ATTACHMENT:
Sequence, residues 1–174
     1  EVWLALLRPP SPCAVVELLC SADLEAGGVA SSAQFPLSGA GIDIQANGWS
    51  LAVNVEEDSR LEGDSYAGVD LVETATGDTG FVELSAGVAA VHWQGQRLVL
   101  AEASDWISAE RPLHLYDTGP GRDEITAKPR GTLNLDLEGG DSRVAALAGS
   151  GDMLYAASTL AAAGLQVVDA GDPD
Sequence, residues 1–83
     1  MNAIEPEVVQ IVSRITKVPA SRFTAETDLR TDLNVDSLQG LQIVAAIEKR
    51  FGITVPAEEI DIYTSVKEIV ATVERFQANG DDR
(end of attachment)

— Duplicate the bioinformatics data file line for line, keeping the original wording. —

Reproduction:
Sequence, residues 1–174
     1  EVWLALLRPP SPCAVVELLC SADLEAGGVA SSAQFPLSGA GIDIQANGWS
    51  LAVNVEEDSR LEGDSYAGVD LVETATGDTG FVELSAGVAA VHWQGQRLVL
   101  AEASDWISAE RPLHLYDTGP GRDEITAKPR GTLNLDLEGG DSRVAALAGS
   151  GDMLYAASTL AAAGLQVVDA GDPD
Sequence, residues 1–83
     1  MNAIEPEVVQ IVSRITKVPA SRFTAETDLR TDLNVDSLQG LQIVAAIEKR
    51  FGITVPAEEI DIYTSVKEIV ATVERFQANG DDR